My intuition here is that vaxxers are influenced by a more benevolent evolutionary history and carry less inherited trauma. Their feelings and thoughts are influenced by how families, clans and tribes care for each other, and how government and healthcare can work for the good of all.

This is a simple binary model. On one side, understandable fear about the abuse of power. On the other side, trust in humanity’s ability to organise for the public benefit. And of course there are many positions in between.

Maybe this model is way too simple. Nevertheless I hope that it provides a framework for exploratory conversations, so that people involved in this conflict of worldviews may be able to step back and look more dispassionately and compassionately at their differences.



I was Prince Phillip’s Body Double

Just to change things up here is a bit of random autobiography.

In 1963 when I was fifteen years old I visited Buckingham Palace three times in order to pose as Prince Phillip’s body.

One of my mother’s best friends was the portrait painter, June Mendoza. I cannot recall who had commissioned her, but it was an unusually relaxed portrait compared to the usual ones in which he wore a uniform.

He did not have enough time to sit for his body, so my being a similar shape June asked if I would do her the favour of coming to the palace, putting on his clothes and posing for his body.  

I have enjoyable memories of this event.

The first is that of entertaining myself on the walk of fifty metres from the main gateway, where the tourists all stand, across the forecourt to the palace. I experimented with walking slowly, walking dignified and walking with a swagger. I knew that I was being watched. I knew that the tourists were asking Who is this important man? For a fifteen-year old with a sense of the theatrical and self-importance this was such a treat.

On the second visit, before entering, I first loitered amongst the tourists, irritating many of them. I then swaggered through the gateway. The policemen acknowledged me with a salute and I walked the fifty yards to the palace very slowly. Was I a prince of the realm?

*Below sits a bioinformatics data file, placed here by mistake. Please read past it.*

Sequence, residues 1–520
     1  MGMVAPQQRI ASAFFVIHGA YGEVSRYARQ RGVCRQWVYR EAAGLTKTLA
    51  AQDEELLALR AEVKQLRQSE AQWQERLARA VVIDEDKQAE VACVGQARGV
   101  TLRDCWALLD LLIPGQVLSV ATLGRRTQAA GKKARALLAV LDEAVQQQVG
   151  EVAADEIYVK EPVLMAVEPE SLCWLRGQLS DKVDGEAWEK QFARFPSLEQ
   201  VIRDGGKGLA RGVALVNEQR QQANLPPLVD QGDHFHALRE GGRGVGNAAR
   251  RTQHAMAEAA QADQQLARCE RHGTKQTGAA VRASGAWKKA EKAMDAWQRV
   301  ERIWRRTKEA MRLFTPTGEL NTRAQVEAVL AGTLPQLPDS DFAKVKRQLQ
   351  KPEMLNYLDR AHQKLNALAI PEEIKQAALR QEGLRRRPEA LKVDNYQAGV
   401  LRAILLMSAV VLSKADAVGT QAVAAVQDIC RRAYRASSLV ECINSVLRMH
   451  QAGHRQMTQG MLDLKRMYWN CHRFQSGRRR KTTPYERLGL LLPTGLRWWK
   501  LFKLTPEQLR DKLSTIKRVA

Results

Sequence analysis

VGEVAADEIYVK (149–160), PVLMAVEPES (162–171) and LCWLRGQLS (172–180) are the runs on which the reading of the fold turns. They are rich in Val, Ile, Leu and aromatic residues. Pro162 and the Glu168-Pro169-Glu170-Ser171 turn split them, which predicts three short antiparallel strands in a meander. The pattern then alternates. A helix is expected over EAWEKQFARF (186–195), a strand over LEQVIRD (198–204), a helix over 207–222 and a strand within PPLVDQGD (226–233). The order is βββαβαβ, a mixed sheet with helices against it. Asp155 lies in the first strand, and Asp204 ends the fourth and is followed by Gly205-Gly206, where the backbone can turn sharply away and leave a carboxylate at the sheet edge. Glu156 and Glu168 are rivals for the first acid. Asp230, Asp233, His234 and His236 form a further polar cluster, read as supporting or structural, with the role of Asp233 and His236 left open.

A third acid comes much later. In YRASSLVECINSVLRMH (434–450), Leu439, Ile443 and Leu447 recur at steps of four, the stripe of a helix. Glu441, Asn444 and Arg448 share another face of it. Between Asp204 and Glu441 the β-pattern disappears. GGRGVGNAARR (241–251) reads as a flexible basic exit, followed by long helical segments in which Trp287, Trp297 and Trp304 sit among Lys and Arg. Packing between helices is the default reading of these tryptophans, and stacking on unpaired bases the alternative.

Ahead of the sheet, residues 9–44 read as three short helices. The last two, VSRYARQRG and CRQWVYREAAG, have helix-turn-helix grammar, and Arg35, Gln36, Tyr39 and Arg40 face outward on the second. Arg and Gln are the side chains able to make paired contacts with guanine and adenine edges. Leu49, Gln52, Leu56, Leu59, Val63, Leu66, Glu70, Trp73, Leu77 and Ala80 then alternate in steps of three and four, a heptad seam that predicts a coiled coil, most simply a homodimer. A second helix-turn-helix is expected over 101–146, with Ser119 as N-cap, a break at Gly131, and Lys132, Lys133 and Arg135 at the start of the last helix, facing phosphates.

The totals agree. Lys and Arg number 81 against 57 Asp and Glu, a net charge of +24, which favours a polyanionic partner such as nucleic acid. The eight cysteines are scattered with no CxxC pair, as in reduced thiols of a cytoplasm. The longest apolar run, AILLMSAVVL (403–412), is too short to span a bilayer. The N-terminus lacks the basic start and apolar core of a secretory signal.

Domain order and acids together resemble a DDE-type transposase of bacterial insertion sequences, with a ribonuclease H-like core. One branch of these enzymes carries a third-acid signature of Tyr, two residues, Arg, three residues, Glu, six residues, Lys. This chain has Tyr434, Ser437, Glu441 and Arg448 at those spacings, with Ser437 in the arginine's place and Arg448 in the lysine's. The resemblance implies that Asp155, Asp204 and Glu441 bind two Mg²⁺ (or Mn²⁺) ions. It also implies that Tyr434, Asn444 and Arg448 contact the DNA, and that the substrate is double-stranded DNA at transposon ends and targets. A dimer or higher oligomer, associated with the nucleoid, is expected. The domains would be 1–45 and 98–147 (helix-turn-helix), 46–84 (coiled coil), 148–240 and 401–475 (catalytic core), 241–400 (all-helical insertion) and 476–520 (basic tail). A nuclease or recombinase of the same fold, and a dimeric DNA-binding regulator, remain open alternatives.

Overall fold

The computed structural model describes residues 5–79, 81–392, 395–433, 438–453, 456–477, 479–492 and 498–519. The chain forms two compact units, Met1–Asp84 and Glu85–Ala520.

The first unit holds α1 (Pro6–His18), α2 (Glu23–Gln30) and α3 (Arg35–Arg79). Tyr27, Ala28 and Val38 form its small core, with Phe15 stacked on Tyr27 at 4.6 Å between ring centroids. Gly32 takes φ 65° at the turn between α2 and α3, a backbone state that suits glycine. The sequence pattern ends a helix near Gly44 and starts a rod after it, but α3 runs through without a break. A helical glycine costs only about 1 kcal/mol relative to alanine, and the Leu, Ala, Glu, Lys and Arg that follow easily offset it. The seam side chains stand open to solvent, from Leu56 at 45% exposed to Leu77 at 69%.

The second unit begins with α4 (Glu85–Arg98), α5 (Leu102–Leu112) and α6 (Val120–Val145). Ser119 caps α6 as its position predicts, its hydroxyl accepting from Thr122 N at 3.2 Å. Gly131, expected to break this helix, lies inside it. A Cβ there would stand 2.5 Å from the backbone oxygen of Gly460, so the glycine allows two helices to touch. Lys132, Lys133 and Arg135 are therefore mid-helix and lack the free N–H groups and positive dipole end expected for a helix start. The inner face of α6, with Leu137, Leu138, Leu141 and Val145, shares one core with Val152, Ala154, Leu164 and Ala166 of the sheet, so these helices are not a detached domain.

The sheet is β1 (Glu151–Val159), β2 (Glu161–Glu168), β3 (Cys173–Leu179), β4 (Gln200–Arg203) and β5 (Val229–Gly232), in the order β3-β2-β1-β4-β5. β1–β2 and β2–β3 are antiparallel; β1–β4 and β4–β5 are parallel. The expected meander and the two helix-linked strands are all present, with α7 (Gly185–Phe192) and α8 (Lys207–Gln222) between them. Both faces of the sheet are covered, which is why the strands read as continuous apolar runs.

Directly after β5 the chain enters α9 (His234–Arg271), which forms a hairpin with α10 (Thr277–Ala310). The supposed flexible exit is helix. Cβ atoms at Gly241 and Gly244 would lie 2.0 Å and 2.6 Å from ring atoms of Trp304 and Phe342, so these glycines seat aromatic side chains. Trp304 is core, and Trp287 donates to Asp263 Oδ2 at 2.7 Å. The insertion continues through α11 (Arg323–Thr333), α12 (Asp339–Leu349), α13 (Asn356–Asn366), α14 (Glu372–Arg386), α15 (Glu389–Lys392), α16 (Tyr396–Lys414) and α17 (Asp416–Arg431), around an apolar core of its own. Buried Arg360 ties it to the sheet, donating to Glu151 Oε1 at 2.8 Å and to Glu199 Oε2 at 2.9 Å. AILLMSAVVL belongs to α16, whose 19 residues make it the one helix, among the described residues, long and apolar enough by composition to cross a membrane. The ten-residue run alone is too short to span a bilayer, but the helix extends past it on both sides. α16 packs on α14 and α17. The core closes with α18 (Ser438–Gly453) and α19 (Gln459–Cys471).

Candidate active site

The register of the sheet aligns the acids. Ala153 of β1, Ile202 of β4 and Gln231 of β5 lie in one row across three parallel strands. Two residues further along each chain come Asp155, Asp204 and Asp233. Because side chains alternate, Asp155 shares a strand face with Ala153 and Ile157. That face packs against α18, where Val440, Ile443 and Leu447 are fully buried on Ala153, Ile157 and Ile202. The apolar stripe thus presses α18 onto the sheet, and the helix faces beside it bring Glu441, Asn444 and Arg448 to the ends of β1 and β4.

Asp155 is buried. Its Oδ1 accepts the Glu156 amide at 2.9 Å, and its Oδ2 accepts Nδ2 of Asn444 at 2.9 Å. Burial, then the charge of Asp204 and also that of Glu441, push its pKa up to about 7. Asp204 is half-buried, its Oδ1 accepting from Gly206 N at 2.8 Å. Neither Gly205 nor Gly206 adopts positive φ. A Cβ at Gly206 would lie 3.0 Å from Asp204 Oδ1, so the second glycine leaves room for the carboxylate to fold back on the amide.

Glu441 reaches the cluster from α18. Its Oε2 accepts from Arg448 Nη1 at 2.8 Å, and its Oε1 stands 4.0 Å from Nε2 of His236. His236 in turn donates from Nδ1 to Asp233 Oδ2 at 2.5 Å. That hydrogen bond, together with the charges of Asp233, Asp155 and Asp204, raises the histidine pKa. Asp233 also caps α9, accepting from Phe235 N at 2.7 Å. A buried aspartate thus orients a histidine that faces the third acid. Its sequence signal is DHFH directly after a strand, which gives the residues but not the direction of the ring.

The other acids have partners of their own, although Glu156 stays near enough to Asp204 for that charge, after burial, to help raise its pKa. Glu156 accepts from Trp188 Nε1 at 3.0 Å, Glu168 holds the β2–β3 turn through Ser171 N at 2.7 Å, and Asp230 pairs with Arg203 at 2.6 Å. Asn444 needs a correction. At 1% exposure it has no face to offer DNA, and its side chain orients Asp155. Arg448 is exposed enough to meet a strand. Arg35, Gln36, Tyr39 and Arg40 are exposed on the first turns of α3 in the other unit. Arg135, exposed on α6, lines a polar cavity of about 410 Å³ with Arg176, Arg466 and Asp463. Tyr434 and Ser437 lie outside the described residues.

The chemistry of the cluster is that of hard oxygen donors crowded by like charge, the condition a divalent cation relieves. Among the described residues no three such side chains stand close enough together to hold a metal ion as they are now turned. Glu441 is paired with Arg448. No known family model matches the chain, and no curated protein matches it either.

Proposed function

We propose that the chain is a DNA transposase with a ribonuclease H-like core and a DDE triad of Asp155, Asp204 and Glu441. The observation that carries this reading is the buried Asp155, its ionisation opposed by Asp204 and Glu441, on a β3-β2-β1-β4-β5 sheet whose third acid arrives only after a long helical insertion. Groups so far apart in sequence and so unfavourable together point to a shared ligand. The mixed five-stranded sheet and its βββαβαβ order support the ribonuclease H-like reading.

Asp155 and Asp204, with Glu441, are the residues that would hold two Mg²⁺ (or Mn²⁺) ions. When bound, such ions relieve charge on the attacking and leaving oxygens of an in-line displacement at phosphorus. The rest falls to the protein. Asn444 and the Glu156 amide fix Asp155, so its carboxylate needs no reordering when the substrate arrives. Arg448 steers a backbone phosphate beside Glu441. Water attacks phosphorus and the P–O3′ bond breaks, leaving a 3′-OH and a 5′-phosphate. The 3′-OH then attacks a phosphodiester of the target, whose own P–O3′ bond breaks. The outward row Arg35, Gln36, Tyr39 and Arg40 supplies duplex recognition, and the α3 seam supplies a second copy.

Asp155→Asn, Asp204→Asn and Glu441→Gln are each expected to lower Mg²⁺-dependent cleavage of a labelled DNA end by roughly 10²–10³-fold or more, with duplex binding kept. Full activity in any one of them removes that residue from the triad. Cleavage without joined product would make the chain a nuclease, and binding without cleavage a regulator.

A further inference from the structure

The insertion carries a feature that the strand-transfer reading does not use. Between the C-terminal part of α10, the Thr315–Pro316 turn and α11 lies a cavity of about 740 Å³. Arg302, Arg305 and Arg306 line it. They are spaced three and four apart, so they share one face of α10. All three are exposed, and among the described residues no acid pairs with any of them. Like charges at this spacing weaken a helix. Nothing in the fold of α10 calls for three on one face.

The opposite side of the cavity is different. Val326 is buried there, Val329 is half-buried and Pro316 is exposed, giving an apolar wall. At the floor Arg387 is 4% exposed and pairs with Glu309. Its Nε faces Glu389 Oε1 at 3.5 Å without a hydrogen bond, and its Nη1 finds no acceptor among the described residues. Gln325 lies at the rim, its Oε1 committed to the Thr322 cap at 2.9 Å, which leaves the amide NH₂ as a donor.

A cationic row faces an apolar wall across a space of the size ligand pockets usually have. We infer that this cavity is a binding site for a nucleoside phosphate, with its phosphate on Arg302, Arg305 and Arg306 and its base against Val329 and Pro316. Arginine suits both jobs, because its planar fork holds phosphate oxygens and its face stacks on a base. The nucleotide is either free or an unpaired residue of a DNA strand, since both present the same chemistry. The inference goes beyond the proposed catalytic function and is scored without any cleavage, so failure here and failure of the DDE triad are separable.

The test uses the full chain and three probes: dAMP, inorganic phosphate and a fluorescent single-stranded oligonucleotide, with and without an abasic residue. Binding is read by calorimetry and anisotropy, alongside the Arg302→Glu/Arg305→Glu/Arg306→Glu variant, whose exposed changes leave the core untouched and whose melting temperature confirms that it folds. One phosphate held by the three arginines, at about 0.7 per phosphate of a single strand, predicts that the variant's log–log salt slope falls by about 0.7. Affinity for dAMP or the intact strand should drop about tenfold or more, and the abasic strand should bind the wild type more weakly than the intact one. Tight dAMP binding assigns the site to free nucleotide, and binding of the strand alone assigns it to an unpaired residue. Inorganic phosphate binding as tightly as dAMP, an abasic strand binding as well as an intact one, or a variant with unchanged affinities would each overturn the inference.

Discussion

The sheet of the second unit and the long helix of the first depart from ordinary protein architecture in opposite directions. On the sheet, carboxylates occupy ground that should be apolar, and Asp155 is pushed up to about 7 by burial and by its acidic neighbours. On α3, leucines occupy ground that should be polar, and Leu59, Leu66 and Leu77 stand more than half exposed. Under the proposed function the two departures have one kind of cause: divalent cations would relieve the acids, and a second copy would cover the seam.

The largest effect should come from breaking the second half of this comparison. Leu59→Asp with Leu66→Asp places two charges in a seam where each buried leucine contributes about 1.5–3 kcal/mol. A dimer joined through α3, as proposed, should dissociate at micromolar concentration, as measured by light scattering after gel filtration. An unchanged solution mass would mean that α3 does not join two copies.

Inside the palace I was ushered up into the Duke’s private office where I put on his jumper and sat quietly in his chair for an hour while June painted.

Another good memory is of meeting all the Queen’s corgis in one of the long corridors and then a frantic hustle as the ushers quickly shifted me into a side room so that her majesty did not encounter a stranger.

I mused that I might have By Royal Appointment tattooed on my chest.


Several years later, when I was 23, I was riding a very beautiful chopped motorcycle across London. I came from Trafalgar Square up The Mall and then to the roundabout of the Victoria Memorial in front of Buckingham Palace.

Unfortunately there was oil on the tarmac and I was possibly riding too fast.

My bike slipped and fell.

Fortunately I managed to jump off and avoid any danger, but the bike continued to slide across the road towards the crowd of tourists waiting for the changing of the guard. I froze watching this horrible scene, but the bike stopped before hitting any of them.

In a strange way it was graceful — the way I had jumped off and not fallen; the way the bike had slid to a gentle halt.

Two bored policemen were watching this whole pantomime. I looked at them wondering how they would react, but they had a sense of humour, laughed and applauded. No one was hurt.  

I pulled the bike back up and rode away.


More poignantly years later I was told by a friend that they had seen Princess Diana coming out of a bookshop holding a copy of my book ‘Psychic Protection.’


It is a small world.